Discoloration in Curing Bellies?

Discussion in 'Smoking Bacon' started by jnyswlhngmeat, Jun 2, 2016.

  1. jnyswlhngmeat

    jnyswlhngmeat Newbie

    Hello and good day, 

    Find myself in need of some advice. While curing bellies for bacon and pancetta i have recently noticed a greenish hue developing in small areas of the bellies. My cure is a simple salt, brown sugar and #1 mixture for bacon. I cure in vac bags normally. I thought maybe the bags may have been contaminated somehow, so i did a batch just wrapping in film. Discoloration still happened. So, i used new ingredients for the cure in case there was contamination there. Not the source either. I have even gone as far to source pigs from a different farm in the case something was wrong there. Not it. I started adjusting my ratios of ingredients. Not it. My normal cure recipe is 2oz Kosher Salt, 2oz Brown Sugar and 2tsp #1 ( recipe per 5# of belly.) Anyone have any insight as to what is occuring? Its not spoilage, there is no odor or flavor difference. The color remains after smoking.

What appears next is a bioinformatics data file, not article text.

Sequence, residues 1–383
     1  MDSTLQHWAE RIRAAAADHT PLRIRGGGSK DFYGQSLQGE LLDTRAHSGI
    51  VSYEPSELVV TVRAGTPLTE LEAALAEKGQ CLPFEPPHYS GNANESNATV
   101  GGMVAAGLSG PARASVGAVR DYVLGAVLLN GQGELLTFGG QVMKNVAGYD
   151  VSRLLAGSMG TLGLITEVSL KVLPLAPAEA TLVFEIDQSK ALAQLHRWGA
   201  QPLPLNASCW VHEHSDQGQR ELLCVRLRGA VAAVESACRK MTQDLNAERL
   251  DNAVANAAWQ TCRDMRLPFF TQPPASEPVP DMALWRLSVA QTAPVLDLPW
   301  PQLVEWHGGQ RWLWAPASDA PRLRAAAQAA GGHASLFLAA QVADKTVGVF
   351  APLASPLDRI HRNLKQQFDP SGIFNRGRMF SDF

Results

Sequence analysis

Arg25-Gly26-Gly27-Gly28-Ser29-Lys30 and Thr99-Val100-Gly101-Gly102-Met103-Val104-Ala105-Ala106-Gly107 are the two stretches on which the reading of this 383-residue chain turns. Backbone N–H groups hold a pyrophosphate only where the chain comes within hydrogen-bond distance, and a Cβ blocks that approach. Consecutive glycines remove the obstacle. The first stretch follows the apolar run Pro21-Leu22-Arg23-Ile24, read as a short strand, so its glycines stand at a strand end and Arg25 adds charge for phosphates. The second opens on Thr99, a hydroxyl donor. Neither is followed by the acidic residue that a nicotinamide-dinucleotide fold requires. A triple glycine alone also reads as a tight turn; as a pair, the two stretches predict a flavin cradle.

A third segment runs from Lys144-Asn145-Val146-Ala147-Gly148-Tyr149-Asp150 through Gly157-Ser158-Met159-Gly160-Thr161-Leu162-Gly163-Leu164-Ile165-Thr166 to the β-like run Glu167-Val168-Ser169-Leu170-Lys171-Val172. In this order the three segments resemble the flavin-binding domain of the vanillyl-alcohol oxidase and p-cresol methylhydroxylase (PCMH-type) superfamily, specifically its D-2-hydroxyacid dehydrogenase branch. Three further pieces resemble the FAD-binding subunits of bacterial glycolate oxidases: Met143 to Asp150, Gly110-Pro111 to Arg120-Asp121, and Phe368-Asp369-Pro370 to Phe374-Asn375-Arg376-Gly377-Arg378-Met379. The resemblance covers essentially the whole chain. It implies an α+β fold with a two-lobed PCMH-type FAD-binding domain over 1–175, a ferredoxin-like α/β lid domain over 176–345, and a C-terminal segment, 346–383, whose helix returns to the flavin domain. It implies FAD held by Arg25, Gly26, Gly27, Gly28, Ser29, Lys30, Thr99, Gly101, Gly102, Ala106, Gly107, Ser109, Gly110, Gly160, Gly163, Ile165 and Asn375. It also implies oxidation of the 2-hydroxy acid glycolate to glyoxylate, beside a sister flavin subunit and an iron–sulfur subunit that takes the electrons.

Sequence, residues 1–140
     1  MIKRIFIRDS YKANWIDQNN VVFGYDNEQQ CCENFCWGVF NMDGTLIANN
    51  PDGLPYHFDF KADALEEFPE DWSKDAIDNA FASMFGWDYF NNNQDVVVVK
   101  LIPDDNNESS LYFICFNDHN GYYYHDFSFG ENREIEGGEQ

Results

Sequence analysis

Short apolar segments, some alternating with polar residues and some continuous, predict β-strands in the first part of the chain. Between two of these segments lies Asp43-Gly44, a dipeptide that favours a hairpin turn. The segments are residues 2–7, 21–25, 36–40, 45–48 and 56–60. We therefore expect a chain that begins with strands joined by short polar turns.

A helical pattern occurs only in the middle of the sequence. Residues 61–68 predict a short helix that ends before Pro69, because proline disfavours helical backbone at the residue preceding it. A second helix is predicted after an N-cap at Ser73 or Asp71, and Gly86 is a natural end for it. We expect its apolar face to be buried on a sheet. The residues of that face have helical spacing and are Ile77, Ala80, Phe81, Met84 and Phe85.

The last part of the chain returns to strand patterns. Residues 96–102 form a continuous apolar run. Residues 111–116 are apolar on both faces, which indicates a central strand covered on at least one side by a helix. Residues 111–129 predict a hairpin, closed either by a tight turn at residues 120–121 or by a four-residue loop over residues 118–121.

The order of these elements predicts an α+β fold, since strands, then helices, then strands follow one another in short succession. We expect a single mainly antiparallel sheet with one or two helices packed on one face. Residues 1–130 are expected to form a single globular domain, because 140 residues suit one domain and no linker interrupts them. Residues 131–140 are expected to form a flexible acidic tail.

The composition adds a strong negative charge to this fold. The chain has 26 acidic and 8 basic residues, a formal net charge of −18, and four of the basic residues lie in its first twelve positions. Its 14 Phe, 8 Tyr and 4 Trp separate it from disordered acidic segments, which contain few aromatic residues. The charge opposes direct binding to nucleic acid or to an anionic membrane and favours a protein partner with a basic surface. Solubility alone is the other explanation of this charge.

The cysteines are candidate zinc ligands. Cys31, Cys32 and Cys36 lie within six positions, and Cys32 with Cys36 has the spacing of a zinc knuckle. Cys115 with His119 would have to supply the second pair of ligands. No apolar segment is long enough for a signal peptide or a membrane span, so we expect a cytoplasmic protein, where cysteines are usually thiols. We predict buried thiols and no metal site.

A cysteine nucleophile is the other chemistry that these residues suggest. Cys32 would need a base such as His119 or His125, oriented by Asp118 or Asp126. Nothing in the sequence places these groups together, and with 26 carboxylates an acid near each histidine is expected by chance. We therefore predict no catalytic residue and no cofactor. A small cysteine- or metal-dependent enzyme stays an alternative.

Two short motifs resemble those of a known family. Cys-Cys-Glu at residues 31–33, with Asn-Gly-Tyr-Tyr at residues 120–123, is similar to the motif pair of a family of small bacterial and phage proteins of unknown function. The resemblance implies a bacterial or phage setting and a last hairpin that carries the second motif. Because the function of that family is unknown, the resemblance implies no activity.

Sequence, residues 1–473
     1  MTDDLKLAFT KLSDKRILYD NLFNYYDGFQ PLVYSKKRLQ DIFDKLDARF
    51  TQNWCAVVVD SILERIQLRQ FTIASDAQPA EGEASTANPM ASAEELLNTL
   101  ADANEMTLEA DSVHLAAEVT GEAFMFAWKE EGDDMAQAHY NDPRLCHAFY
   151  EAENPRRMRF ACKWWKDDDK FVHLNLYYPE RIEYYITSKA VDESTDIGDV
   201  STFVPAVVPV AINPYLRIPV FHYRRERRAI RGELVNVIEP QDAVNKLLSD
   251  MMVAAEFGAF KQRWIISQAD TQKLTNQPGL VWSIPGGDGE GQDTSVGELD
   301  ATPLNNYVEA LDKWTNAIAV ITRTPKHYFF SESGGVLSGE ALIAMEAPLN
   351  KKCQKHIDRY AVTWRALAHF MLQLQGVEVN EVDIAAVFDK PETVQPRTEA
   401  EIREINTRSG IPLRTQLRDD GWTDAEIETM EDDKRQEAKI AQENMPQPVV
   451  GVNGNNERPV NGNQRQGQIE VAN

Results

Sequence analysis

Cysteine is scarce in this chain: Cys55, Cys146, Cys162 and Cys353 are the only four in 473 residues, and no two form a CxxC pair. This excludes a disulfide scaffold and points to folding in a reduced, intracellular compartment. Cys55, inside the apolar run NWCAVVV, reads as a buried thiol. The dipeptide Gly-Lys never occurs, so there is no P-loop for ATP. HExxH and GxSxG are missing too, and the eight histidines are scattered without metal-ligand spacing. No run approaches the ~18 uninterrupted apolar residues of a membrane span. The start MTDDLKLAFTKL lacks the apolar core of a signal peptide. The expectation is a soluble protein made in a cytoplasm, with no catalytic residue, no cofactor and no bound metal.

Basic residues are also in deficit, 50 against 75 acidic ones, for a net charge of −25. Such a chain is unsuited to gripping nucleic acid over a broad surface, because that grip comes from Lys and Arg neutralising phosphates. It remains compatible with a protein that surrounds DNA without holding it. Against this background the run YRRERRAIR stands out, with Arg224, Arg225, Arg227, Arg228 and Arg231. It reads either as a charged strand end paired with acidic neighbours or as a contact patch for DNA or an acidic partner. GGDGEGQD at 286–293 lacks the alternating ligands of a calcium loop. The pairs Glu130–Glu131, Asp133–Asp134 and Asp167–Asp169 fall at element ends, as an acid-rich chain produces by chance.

2. lonestar10

    lonestar10 Newbie

    I'd try a longer curing time. Something similar happend to me on my first bacon. I dry cured two batches from the same belly. The first I stopped after seven days and it didn't have the distinctive pink color all the way thru. The second I left for ten days and it was perfect.

    I suppose if they're kinda thick you might try injecting...

    I'm a noob so the old pros may have other insight here.

  3. bearcarver

    bearcarver Smoking Guru OTBS Member

    I never had that happen with my TQ, but having nothing to do with your problem, I think 5 pounds calls for 1 tsp of Cure #1.

    Sorry I can't help you with the color problem.

    Last edited: Jun 3, 2016
  4. mr t 59874

    mr t 59874 Master of the Pit SMF Premier Member

    The use of TQ may produce the color you are mentioning. It is caused by the way light is striking the meat and is not unusual.

    The following was taken from the link below.

    Meat contains iron, fat, and other compounds. When light hits a slice of meat, it splits into colors like a rainbow. There are various pigments in meat compounds that can give it an iridescent or greenish cast when exposed to heat and processing. Wrapping the meat in airtight packages and storing it away from light will help prevent this situation. Iridescence does not represent decreased quality or safety of the meat.


    Hope this answered your question.


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